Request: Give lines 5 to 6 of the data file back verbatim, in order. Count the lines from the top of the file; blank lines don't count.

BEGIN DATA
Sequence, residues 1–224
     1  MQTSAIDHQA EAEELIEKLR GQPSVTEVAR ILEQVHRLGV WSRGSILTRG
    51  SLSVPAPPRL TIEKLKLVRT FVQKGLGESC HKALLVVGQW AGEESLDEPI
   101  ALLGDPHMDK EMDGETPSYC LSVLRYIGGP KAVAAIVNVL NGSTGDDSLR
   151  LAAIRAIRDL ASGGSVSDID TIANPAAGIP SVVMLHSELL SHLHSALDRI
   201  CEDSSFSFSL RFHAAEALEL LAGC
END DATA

   151  LAAIRAIRDL ASGGSVSDID TIANPAAGIP SVVMLHSELL SHLHSALDRI
   201  CEDSSFSFSL RFHAAEALEL LAGC